G. Harrold Carswell
|G. Harrold Carswell|
|Judge on the United States Court of Appeals for the Fifth Circuit|
May 12, 1969 – April 20, 1970
|Nominated by||Richard M. Nixon|
|Preceded by||New seat created|
|Succeeded by||Paul Hitch Roney|
December 22, 1919|
|Died||July 13, 1992
|Spouse(s)||Virginia Simmons Carswell|
George Harrold Carswell (December 22, 1919 – July 13, 1992) was a federal judge and an unsuccessful nominee to the United States Supreme Court. He did not use his first name and was called by his middle name.
Carswell was born in Irwinton, Wilkinson County, Georgia. He graduated from Duke University in 1941 and briefly attended the University of Georgia School of Law before enlisting in the United States Navy at the beginning of World War II. Carswell served as a lieutenant in the Naval Reserve; he was discharged in 1945 (when the war ended). Carswell graduated from the Walter F. George School of Law of Mercer University in 1948. Griffin B. Bell, 72nd Attorney General of the United States, was one of Carswell's classmates at Mercer.
He married his wife Virginia (née Simmons) in 1944.
Carswell unsuccessfully ran for a seat in the Georgia legislature in the fall of 1948. He then moved to Tallahassee, Florida where he worked as a private attorney from 1948 to 1953. In 1953, he was appointed United States Attorney for the Northern District of Florida by President Dwight Eisenhower; Carswell served in this position until 1958.
On March 6, 1958, Carswell was nominated by President Eisenhower for the United States District Court for the Northern District of Florida to a seat vacated by Dozier A. DeVane. He was confirmed by the United States Senate on March 31, 1958, and received his commission on April 10, 1958. He served as chief judge from 1958 to 1969.
On May 12, 1969, Carswell was nominated by President Richard M. Nixon to a new seat on the United States Court of Appeals for the Fifth Circuit created by 82 Stat. 184. He was confirmed by the United States Senate on June 19, 1969, and received his commission on June 20, 1969.
Supreme Court nomination
On January 19, 1970, after Clement Haynsworth of South Carolina was rejected by the U.S. Senate for an appointment to the United States Supreme Court, President Nixon nominated Carswell to be an Associate Justice of the Supreme Court to replace Justice Abe Fortas, an appointee of former U.S. President Lyndon B. Johnson. Carswell was praised by Southern senators including Richard B. Russell, Jr., of Georgia, but he was also criticized by others for the high reversal rate (58 percent) of his decisions as a district court judge.
Others questioned his civil rights record, citing his voiced support for racial segregation and white supremacy during his unsuccessful Georgia legislative bid in 1948, while feminists accused him of being an opponent of women's rights. Various feminists, including Betty Friedan, testified before the Senate, opposed his nomination and contributed to his defeat. The NAACP, upon learning of Carswell's racist comments, opposed Carswell's nomination and asked that his appointment be rejected by the Senate. U.S. Attorney General John Mitchell, citing an extensive background check by the Justice Department, was willing to forgive, stating that it was unfair to criticize Carswell for "political remarks made 22 years ago."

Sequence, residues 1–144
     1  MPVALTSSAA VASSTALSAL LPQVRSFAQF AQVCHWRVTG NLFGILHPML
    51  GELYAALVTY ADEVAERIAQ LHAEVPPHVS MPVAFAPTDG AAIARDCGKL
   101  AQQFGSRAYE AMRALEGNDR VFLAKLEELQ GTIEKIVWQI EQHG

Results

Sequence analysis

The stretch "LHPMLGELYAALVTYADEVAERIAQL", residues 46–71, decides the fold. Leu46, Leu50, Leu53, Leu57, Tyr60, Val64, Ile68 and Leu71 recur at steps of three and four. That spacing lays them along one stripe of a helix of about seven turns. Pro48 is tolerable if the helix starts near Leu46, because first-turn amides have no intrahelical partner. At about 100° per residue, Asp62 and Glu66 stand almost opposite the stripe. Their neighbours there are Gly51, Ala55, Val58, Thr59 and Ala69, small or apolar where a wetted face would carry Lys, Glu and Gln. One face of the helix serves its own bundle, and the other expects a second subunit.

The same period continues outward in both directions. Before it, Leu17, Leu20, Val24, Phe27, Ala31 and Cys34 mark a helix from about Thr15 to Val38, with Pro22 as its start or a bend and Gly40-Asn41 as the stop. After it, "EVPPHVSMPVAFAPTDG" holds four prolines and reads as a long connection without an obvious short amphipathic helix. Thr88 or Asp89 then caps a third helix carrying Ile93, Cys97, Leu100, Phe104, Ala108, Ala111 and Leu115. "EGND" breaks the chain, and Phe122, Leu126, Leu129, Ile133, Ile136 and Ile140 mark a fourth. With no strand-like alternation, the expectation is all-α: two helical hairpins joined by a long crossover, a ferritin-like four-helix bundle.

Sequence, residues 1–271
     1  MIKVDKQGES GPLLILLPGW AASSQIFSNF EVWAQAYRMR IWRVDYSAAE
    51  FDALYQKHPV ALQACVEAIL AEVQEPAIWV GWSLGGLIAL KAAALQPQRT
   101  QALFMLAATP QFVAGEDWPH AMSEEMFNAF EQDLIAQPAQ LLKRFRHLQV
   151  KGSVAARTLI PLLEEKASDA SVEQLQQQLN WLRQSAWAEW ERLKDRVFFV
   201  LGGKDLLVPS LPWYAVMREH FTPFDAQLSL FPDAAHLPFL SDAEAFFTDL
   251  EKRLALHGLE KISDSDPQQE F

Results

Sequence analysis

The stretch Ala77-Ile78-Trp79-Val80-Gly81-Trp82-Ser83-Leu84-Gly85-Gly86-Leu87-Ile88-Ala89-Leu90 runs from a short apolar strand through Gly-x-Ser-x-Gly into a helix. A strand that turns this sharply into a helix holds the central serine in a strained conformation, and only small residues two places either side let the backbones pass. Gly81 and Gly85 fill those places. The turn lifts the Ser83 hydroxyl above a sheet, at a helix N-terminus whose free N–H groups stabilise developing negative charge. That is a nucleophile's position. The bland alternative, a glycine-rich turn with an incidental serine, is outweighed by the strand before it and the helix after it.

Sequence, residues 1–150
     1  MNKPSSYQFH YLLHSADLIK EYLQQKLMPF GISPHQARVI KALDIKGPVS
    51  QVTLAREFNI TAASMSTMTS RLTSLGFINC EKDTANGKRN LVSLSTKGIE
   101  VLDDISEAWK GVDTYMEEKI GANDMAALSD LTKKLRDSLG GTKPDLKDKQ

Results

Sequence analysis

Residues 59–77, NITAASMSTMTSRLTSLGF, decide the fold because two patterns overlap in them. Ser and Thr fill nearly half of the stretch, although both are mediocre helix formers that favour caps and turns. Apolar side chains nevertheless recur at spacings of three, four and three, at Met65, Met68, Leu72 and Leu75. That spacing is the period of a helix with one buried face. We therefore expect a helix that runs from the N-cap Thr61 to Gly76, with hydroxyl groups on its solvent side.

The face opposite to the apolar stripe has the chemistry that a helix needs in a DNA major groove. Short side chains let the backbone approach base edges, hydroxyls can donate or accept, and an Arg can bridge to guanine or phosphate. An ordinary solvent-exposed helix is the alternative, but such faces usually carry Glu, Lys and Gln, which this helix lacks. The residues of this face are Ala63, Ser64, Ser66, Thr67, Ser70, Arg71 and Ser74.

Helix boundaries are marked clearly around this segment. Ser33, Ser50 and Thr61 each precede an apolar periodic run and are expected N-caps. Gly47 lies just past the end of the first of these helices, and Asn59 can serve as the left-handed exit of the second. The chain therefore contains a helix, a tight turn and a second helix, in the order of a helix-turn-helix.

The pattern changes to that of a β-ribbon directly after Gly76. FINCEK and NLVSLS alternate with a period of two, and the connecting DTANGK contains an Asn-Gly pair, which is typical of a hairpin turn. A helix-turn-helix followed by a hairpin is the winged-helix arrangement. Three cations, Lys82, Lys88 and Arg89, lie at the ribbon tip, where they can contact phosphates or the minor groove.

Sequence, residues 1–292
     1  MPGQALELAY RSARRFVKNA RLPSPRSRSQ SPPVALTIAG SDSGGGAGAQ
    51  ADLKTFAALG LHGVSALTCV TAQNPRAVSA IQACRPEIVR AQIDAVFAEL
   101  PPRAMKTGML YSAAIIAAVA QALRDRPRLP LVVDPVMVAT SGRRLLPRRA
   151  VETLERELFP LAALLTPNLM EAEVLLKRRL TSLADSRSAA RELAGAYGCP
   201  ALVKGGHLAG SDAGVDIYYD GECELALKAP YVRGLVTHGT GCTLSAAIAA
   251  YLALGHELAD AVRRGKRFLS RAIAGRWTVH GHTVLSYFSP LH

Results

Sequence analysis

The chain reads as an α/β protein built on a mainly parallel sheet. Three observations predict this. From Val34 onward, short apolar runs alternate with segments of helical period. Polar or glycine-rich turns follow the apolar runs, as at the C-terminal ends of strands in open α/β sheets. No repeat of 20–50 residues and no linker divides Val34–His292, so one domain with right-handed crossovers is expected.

- "Even if he were mediocre, there are a lot of mediocre judges and people and lawyers. They are entitled to a little representation, aren't they, and a little chance? We can't have all Brandeises, Frankfurters and Cardozos."
Hruska's remark was criticized by many and may have damaged Carswell's cause.
On April 8, 1970, the United States Senate refused to confirm Carswell's nomination to serve on the Supreme Court. The vote was 51 to 45. Seventeen Democrats and twenty-eight Republicans voted for Carswell. Thirty-eight Democrats and thirteen Republicans voted against him. President Nixon accused Democrats of having an anti-Southern bias as a result saying, "After the Senate’s action yesterday in rejecting Judge Carswell, I have reluctantly concluded that it is not possible to get confirmation for the judge on the Supreme Court of any man who believes in the strict construction of the Constitution as I do, if he happens to come from the South."
U.S. Senate campaign
On April 20, 1970, Carswell resigned from his judicial position to run for the Republican nomination for the U.S. Senate from Florida. His opponent was U.S. Representative William C. Cramer of St. Petersburg. Expecting to benefit politically in Florida from the rejection of Judge Carswell to the Supreme Court, aides of either Governor Claude R. Kirk, Jr., or U.S. Senator Edward Gurney of Winter Park urged Carswell to resign from the bench to run for the Senate seat being vacated by the long-term Democrat Spessard Holland. Cramer claimed that Gurney had in a 1968 "gentlemen's agreement" agreed to support him for the seat. Gurney declined to discuss the "gentlemen's agreement" with Cramer but said that he and Cramer, who had been House colleagues, had "totally different opinions on this. That is ancient history, and I see no point in reviving things. ... If I told my complete version of the matter, Cramer would not believe me, and I don't want Bill angry at me." Gurney claimed that he was unaware that Cramer had considered running for the Senate in 1968 and had deferred that year to Gurney, with the expectation that Cramer would seek the other Senate seat in 1970 with Gurney's backing.